Wednesday, December 9, 2009
The article "Raiders of the Lost Lake" by Alan Bellows talks about a Russian drilling company in Antarctica that found, but did not disturb, an underwater lake the size of Lake Ontario in Michigan. The lake is underneath 2 miles of glaciers and hasn’t seen sunlight for about 500,000 years or more. If the drill were to breach the ice above the lake 60 gallons of kerosene would fall into the lake and contaminate it beyond repair. The kerosene was to keep the water from refreezing around the drill. The Russians were drilling there to take ice samples because they heard that Antarctica was once a very tropical are with palm trees and all that beachy stuff. Once Australia and South America moved away, they took the warm currents with them and deprived the beaches so that they eventually froze and formed the Antarctica that we know and love. When other scientist heard of the discovery of the underground lake they had a field day and made a pact with the Russians that no military force would be used to take control of Lake Vostok. Scientist had devised a plan to send a drill down that would make a whole that would refreeze after the drill was through. Once it reached the lake the drill would open and send out a camera that would take pictures of all of the creatures down there. Another reason that we don’t want the Russians to keep drilling is because once they reach the lake, all the pressure of the air and water will make an explosion that might send all the water from the lake and the kerosene out into the open air and expose all of the other lakes. This could be a massive learning experience for the science community but what they find may not be community appropriate, as in it might scare every one in the public. The things that could scare them would be the microorganisms in the water, though small could be dangerous or helpful to the community.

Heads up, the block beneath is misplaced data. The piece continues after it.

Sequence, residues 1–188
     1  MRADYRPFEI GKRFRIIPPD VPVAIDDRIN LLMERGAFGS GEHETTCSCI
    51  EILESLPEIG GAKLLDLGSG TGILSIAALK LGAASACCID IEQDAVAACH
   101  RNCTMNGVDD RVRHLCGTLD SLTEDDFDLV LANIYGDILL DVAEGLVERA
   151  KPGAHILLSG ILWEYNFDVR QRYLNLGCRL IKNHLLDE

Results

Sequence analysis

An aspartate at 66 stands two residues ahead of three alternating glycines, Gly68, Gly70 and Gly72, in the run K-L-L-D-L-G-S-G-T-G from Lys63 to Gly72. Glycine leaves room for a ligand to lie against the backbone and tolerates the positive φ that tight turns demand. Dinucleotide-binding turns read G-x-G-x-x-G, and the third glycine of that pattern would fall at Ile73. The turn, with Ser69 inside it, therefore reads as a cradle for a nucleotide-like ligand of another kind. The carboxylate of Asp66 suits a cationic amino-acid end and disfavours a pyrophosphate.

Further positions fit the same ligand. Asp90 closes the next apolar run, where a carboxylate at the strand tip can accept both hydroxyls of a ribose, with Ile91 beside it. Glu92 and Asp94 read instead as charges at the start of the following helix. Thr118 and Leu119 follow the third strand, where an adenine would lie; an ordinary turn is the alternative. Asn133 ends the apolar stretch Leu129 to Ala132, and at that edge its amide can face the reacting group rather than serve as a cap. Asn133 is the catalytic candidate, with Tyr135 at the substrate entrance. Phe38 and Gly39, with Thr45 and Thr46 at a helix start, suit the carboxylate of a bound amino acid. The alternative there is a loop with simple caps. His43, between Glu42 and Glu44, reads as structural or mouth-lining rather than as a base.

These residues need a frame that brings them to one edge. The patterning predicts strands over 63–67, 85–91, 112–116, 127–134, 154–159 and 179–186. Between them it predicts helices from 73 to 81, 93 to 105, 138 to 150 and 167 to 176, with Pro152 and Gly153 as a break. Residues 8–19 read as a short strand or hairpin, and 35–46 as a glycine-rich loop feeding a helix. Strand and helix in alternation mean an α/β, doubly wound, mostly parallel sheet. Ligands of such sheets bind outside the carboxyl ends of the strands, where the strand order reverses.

The article "A Large Hearted Gentlemen" by Jason Bellows talks about Jim Corbett and his uncanny knack to track large cats in the Indonesian jungle and not to kill them but to track and document them in their natural habitat. The only time Corbett would shoot an animal was when everyone was screaming about the man eating tigers and panthers. He would kill them and learn that they were hunting humans because they were either old or had injuries so they couldn’t hunt regular game. One of the man eaters that Corbett killed was a panther in the Indonesian jungle. He found one of the animals favorite trails and set a goat in the trail, hid in a mango tree and waited for the animal to come. On the 11th day that Corbett was in the tree the animal came, Corbett turned on his light and shot the animal. When he got out of the tree to examine the animal he saw that it had porcupine wounds in its leg that had been there for many years. As most little spikes like that dissolve, porcupine needles don’t, so when the needles go in they don’t come out without some one doing something about it. With the porcupine needles in the cat’s leg, the muscles started to rot and the bone was wearing thin, that’s why the cat hunted humans instead of regular game. I think the lesson from this story is that you shouldn’t make false presumptions when you don’t know the real answer or don’t judge a book by it’s cover.